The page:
Thursday, May 17, 2012

In Memory: Dunn, Woods, Brown & Summer

The music world was still in a bit of shock upon learning of the passing of Adam Yauch, known as MCA of the Beastie Boys. This week has been one of the most devastating weeks as we lost four legendary artists only days apart who made contributions to help change the course of music. We send our condolences to the families and fans around the world.

Donald “Duck” Dunn
(November 24, 1941 – May 13, 2012)

Rock-n-Roll Hall of Fame bassist, songwriter and producer for Booker T. and The MG's and also a session musician for Stax Records. He was also a bassist for The Blues Brothers Band and featured in both Blues Brothers movies. He is also featured on several recordings by other notable acts and performances as a sideman.

Belita Karen Woods
(October 23, 1948 – May 14, 2012)

Was the lead singer for 1970's R&B group Brainstorm. She also sang with Parliament-Funkadelic for two decades. Brainstorm had a disco hit in 1977 called "Lovin' Is Really My Game". Their follow-up album, 1978's Journey To The Light, featured a more soul-funk sound, anchored by the album tracks "We're On Our Way Home" and "If You Ever Need To Cry". Prior to joining Brainstorm, Woods released a single "Magic Corner"/"Grounded" on Detroit's Moira label in 1967.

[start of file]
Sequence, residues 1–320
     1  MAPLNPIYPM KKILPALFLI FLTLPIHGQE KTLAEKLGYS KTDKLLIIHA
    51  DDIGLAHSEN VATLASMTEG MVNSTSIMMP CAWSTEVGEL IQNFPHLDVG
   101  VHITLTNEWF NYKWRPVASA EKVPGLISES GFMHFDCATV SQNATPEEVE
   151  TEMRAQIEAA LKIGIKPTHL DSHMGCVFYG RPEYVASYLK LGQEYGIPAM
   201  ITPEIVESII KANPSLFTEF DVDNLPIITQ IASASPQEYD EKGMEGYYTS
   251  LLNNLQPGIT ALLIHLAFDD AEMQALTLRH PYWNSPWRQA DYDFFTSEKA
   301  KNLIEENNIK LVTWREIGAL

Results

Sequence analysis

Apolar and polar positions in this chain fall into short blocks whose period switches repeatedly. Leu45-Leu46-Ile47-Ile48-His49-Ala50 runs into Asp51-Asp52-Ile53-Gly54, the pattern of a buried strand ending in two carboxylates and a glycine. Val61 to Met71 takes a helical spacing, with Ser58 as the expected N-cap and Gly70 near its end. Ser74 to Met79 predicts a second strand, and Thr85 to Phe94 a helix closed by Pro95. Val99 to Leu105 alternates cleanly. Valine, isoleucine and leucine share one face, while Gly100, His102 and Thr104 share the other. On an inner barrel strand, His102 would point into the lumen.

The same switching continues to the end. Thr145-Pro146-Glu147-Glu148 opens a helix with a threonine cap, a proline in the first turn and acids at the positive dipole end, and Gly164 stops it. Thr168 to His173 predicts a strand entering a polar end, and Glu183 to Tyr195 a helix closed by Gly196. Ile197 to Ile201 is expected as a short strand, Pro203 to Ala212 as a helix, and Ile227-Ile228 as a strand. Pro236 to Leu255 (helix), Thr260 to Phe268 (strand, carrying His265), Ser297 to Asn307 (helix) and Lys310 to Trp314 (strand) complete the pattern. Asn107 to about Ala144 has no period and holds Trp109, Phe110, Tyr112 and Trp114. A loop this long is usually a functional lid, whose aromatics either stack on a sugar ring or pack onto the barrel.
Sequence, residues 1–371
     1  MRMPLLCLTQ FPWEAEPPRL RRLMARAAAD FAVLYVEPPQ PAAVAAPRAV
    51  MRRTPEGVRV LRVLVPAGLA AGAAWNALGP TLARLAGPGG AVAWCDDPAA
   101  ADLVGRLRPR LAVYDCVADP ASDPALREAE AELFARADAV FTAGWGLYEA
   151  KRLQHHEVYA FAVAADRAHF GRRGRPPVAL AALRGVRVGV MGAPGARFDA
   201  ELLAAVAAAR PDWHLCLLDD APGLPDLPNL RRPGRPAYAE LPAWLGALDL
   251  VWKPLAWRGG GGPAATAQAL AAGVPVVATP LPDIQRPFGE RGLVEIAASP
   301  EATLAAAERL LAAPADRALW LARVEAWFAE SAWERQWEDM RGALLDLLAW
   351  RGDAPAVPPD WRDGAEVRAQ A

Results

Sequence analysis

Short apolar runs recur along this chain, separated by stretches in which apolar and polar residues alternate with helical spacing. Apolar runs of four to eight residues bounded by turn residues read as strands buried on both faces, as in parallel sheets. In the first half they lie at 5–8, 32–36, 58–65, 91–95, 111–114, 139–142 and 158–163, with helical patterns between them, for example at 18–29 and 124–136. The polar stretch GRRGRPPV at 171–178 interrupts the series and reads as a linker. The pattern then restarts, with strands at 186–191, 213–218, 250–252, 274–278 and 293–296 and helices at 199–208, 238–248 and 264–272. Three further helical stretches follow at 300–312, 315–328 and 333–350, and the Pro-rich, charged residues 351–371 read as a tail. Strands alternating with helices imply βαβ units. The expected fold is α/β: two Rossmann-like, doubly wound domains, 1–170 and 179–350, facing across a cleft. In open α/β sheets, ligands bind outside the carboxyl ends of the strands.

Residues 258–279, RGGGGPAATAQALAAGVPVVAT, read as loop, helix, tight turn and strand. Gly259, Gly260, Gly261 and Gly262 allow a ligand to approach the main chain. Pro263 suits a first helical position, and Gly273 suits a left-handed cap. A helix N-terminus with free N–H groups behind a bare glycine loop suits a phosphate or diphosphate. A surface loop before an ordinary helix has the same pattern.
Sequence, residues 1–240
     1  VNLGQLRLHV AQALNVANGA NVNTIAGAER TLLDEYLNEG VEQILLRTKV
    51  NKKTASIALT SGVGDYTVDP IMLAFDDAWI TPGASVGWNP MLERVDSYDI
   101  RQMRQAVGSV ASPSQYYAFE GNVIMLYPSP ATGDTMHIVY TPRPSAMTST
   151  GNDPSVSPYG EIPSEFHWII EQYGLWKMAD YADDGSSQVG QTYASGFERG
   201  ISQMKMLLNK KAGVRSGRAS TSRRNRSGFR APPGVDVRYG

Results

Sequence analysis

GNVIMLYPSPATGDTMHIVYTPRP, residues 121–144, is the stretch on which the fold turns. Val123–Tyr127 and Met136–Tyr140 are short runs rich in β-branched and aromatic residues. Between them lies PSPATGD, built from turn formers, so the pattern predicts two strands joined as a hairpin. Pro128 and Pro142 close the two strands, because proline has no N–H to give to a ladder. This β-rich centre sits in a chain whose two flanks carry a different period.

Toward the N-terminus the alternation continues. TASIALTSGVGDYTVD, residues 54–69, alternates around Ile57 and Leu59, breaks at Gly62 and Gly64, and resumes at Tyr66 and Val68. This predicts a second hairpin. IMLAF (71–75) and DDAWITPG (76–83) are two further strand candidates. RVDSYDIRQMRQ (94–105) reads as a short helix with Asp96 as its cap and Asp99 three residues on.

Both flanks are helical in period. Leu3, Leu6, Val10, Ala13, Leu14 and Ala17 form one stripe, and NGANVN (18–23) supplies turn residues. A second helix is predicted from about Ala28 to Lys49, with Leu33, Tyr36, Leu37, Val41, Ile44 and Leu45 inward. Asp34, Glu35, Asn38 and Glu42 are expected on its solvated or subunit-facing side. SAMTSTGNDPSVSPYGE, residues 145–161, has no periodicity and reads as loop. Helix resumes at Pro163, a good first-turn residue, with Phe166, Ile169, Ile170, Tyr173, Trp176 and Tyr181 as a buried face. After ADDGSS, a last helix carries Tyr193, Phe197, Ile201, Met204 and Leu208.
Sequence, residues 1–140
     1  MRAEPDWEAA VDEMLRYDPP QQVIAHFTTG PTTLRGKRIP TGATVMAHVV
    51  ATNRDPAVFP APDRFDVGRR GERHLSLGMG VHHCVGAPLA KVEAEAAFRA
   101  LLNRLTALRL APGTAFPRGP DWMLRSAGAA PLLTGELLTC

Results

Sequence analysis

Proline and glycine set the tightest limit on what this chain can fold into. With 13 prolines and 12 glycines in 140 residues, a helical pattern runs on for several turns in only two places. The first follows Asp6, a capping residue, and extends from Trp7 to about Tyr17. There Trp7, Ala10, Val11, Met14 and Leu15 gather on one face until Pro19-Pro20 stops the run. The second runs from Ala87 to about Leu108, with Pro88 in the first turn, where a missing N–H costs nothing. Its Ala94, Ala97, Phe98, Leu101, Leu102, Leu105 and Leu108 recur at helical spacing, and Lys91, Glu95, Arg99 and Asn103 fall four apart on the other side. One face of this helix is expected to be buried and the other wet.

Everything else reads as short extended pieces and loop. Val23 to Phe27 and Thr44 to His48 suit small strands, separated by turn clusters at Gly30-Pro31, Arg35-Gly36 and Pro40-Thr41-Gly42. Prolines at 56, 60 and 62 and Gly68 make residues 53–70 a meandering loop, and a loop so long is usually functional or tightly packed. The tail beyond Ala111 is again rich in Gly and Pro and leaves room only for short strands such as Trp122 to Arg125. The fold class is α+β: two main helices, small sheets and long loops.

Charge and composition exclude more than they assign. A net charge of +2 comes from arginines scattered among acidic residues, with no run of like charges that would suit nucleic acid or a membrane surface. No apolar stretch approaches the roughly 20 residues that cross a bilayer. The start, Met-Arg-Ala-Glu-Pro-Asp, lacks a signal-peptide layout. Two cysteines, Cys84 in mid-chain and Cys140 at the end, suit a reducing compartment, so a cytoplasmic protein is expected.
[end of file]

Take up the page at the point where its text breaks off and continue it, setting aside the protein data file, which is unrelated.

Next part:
Chuck Brown
(August 22, 1936 – May 16, 2012)

Affectionately known as the "Godfather of Go-Go", Brown is regarded as the fundamental force behind the creation of go-go music. Brown's early hits include "I Need Some Money" and "Bustin' Loose". "Bustin' Loose" has been adopted by the Washington Nationals baseball team as its home run celebration song. Brown also recorded go-go covers of early jazz and blues songs, such as "Go-Go Swing" Duke Ellington's "It Don't Mean a Thing If Ain't Got That Swing", "Moody's Mood for Love", Johnny Mercer's "Midnight Sun", Louis Jordan's "Run Joe", and T-Bone Walker's "Stormy Monday". The song "Ashley's Roachclip" from the Soul Searchers' 1974 album Salt of the Earth contains a famous drum break, sampled countless times in various other tracks.

Donna Summer
(December 31, 1948 – May 17, 2012)

Commonly known by the "Queen of Disco" moniker, Summer was the first artist to have three consecutive double albums reach number one on the U.S. Billboard chart. Bad Girls, an album that had been in production for nearly two years, was based the whole concept on prostitution, even with Summer dressing as a hooker herself on the cover art. The album became a huge success, spawning the number one hits "Hot Stuff" and the title track and the number two "Dim All the Lights". With "MacArthur Park", "Hot Stuff", "Bad Girls", and the Barbra Streisand duet "No More Tears (Enough is Enough)", Summer achieved four number one hits within a thirteen month period. Those aforementioned songs, along with "Heaven Knows", "Last Dance", "Dim All the Lights", and "On the Radio" (from her upcoming double-album) would give her eight US Top 5 singles within a two year period. "Hot Stuff" later won her a second Grammy in the Best Female Rock Vocal Performance, the first time the category was included.

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